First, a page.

In sum, the Panel finds that Respondent has legitimate rights or interests in respect of the domain name.


Registration and Use in Bad Faith


The third element Complainant must show if it is to prevail is that Respondent both registered and used the at-issue domain name in “bad faith.”  This it has not done.


Complainant fails to meet its burden of proof of bad faith registration and use under Policy ¶ 4(a)(iii).  See Starwood Hotels & Resorts Worldwide, Inc. v. Samjo CellTech.Ltd, FA 406512 (Nat. Arb. Forum Mar. 9, 2005) (finding that the complainant failed to establish that the respondent registered and used the disputed domain name in bad faith because mere assertions of bad faith are insufficient for a complainant to establish Policy ¶ 4(a)(iii)); see also Graman USA Inc. v. Shenzhen Graman Indus. Co., FA 133676 (Nat. Arb. Forum Jan. 16, 2003) (finding that general allegations of bad faith without supporting facts or specific examples do not supply a sufficient basis upon which the panel may conclude that the respondent acted in bad faith).


At the time of registration and for a time thereafter, both Complainant and its predecessor-in-interest admitted, by statements and actions, that the term MUMETAL was generic (notwithstanding that the mark’s trademark registration suggests a contrary position). The evidence presented by Respondent on this point is uncontroverted.  These admissions by Complainant estop it from now claiming that Respondent could not have believed the term MUMETAL to be generic at the time of Respondent’s domain name registration.  Therefore, Respondent was justified in relying on these admissions and could not have had the necessary intent required to be found to act in bad faith.


Policy ¶ 4(b) et seq. sets out four fact patterns, without limitation, which if found by a panel demonstrate a respondent’s bad faith. As discussed below, not one is applicable with regard to the instant case, or can there otherwise be a showing of bad faith on the part of Respondent.


The fact that Respondent offered to sell the Domain Name within the context of settling the crux of the instant dispute is not persuasive evidence that Respondent registered the domain name “primarily for the purpose of selling, renting, or otherwise transferring the domain name to the [C]omplainant.” Parties should be free to settle their disputes in advance of administrative or legal proceedings without having to worry that such discussions will be used against them if and when the dispute moves to a formal forum. See generally, Fed. Rule Evidence 408.  Panels are split on whether the rationale underlying Rule 408 should act to exclude evidence within the settlement context or merely be a consideration in weighing such evidence. Nevertheless, even if such an offer to sell by Respondent was outside of the settlement context, there is no evidence whatsoever tending to prove that Respondent intended to sell or rent the domain “at the time of registration.”  Think Serv., Inc. v. Carlos, D2005-1033 (WIPO Nov. 18, 2005).   Indeed, there were no offers to sell the domain by Respondent during the nearly ten-year pendency of the domain name’s registration prior to the instant dispute. This corroborates Respondent’s position that it did not have, as a primary purpose for registration, the intent proscribed by Policy ¶ 4(b)(i).  Similarly, given the apparent good faith registration by Respondent, the Panel concludes that Respondent did not registered the domain name in order to prevent Complainant from reflecting the mark in a corresponding domain name as likewise there is no evidence that Respondent “engaged in a pattern of such conduct.”  Policy ¶ 4(b)(ii).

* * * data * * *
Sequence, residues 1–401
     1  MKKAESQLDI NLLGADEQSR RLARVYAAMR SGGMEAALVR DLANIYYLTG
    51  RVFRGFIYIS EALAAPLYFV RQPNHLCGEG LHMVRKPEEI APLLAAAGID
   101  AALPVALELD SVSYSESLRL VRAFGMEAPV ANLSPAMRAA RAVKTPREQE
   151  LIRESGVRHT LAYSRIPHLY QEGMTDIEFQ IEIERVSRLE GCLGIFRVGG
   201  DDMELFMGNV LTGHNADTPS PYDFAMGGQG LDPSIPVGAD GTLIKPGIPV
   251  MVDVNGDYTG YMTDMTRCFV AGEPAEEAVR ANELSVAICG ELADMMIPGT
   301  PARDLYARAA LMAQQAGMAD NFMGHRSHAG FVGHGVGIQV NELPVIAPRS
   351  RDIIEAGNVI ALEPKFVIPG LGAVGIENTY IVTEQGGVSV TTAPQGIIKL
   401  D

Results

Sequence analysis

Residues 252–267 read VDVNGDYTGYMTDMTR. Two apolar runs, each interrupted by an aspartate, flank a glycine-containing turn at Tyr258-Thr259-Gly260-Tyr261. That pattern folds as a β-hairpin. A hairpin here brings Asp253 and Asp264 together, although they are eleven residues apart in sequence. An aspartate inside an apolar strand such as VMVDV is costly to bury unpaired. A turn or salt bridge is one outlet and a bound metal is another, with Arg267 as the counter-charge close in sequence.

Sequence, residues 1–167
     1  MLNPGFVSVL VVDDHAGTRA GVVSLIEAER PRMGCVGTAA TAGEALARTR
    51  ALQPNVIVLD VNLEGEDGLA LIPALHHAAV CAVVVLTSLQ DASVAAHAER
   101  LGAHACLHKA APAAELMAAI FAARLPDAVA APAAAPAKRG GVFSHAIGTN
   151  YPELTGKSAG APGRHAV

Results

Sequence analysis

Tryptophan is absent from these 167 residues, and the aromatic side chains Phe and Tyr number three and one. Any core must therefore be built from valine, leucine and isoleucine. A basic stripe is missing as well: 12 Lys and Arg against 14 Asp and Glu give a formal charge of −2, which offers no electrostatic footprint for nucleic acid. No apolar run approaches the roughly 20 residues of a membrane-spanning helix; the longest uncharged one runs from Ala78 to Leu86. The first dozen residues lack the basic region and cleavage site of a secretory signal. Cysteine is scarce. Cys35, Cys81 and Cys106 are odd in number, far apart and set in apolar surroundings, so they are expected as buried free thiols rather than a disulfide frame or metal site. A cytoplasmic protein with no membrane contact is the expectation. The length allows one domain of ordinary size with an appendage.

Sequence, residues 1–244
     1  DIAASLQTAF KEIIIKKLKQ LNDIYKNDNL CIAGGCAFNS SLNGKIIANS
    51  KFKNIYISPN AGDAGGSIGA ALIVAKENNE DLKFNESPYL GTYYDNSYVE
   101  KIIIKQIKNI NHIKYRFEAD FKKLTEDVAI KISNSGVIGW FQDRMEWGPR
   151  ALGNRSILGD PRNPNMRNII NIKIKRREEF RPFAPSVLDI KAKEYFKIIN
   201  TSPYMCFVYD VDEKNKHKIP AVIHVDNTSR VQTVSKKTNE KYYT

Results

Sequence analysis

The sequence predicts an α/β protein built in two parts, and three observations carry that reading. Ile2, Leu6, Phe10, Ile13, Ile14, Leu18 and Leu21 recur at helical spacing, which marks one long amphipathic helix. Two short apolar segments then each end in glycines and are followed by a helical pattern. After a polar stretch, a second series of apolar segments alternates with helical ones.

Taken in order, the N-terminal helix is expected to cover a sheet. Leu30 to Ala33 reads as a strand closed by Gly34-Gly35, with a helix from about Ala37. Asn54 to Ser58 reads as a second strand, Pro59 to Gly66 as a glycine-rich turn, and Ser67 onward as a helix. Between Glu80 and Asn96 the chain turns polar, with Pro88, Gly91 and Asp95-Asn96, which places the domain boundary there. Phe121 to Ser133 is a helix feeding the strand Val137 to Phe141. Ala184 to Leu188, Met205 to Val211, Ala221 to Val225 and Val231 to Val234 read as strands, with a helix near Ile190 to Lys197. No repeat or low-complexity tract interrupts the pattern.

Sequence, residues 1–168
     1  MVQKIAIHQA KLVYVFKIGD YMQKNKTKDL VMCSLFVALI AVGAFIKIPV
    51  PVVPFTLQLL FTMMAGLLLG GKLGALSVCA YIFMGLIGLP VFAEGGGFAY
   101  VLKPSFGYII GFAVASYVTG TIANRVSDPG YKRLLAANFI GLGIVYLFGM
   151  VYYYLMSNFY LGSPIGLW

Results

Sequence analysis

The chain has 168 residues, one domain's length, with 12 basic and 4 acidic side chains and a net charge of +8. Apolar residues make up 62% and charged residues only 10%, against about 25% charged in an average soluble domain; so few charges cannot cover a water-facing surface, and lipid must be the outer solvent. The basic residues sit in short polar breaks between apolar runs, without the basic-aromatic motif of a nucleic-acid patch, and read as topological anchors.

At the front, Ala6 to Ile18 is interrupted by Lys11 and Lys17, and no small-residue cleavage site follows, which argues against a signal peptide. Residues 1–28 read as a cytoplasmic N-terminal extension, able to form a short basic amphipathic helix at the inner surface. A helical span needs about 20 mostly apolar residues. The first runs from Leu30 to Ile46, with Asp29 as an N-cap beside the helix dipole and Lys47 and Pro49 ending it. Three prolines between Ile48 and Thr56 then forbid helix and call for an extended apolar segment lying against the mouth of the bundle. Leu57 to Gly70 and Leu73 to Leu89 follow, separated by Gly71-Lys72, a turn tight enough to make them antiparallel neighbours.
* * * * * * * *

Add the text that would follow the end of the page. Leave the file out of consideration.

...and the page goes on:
Since the record shows that at the time of registration Respondent and Complainant’s predecessor-in-interest were not competitors but rather had the mutually beneficial relationship of that of a vendor and customer, there can be no showing that that by registering the domain name Respondent intended to disrupt a competitor’s business. Any reliance on Policy ¶ 4(b)(iii) in support of Respondent’s bad faith, therefore fails.


Furthermore, as discussed above, the record indicates that Respondent reasonably believed that the term MUMETAL was generic at the time of registration. Therefore, Respondent did not have the intent to create “a likelihood of confusion with the complainant’s mark.” Policy ¶ 4(b)(iv). 


Finally, absent a showing of any ill intent on the part of Respondent, there can be no basis for finding bad faith on any other grounds and therefore Complainant cannot meet its burden of proof under Policy ¶ 4(a)(iii).




Having failed to establish all three elements required under the ICANN Policy, the Panel concludes that relief shall be DENIED.




Michael Albert, Terry Peppard, and Paul M. DeCicco as Panelists.

Paul M. DeCicco, presiding Panelist
Dated: April 29, 2008